Independent Office for Police Conduct (IOPC - formerly IPCC)
Former Metropolitan Police officer committed gross misconduct after he attempted to form a relationship with woman he arrested
An investigation by the Independent Office for Police Conduct (IOPC) has led to a former Metropolitan Police Service (MPS) officer being found to have committed gross misconduct for attempting to form a relationship with a woman he had arrested for dealing drugs.
We began our investigation in August 2017 following a referral from the MPS after they became aware PC Hitesh Patel, based at Stoke Newington Police Station, may have attempted to use his position as a police officer to establish or pursue an inappropriate sexual or emotional relationship with a woman he had arrested.
PC Patel arrested the woman in August 2016 and obtained her telephone number after she returned to the police station to be charged the following month. Telephone records showed he used his personal phone on 17 occasions to contact her while he was on and off duty. The woman was sentenced in December for the drug offences and PC Patel continued to contact her a further 13 times until the end of February 2017. During this time the woman was on bail for an unrelated offence.
The woman provided information to MPS officers and IOPC investigators in relation to PC Patel’s behaviour, which included allegations he took her to lunch on the day of her sentencing hearing and later that day gave her a lift home and whilst there he had kissed her without her consent. The evidence suggested he later lied to his colleague about how and when he obtained the woman’s number. The evidence also showed PC Patel had accessed records relating to the woman without any policing purpose to do so.
Our investigators gathered evidence including the telephone records, computer system audits and obtained statements from witnesses, and in August 2018 we concluded our investigation and passed our findings to the MPS. We found that PC Patel had a case to answer for gross misconduct and the MPS agreed.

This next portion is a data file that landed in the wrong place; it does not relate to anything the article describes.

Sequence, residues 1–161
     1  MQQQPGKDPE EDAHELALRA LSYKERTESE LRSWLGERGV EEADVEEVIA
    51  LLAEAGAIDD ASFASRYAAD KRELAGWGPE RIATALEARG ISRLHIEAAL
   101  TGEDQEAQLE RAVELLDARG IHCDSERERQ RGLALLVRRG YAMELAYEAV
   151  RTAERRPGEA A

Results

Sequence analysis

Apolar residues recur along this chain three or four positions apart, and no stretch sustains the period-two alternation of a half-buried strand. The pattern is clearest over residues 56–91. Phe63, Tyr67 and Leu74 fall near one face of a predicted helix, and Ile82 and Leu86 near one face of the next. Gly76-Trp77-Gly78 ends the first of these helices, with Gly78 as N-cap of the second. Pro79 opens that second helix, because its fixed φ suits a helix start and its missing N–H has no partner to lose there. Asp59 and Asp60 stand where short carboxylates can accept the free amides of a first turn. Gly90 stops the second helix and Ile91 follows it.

On Friday, 27 September 2019 at a misconduct hearing a panel found that PC Patel had abused his position as a police officer. PC Patel resigned from the force ahead of the hearing but the panel deemed his actions amounted to gross misconduct and he would have been dismissed if still employed. He will be placed on the College of Policing’s barred list. The panel found PC Patel breached the standards of professional behaviour for authority, respect and courtesy, honesty and integrity, discreditable conduct and confidentiality. The panel found the case involved very serious misconduct that risked undermining the confidence of the public in policing and the integrity of police officers generally.
IOPC Regional Director Sal Naseem said:
“PC Patel clearly and persistently abused his position in an attempt to pursue a relationship with a vulnerable woman. Such was the effect on the woman PC Patel pursued that during the course of our thorough year-long investigation she was so fearful of reprisals that she did not feel able to provide a formal statement.
"This was a terrible betrayal of his role, it undermines public confidence and this sort of predatory behaviour has no place in policing. It serves only to undermine the hard work and endeavour of the vast majority of serving police officers who are equally outraged by this conduct. I am pleased that the independent panel has reinforced the message that this sort of behaviour by police officers is never acceptable.”
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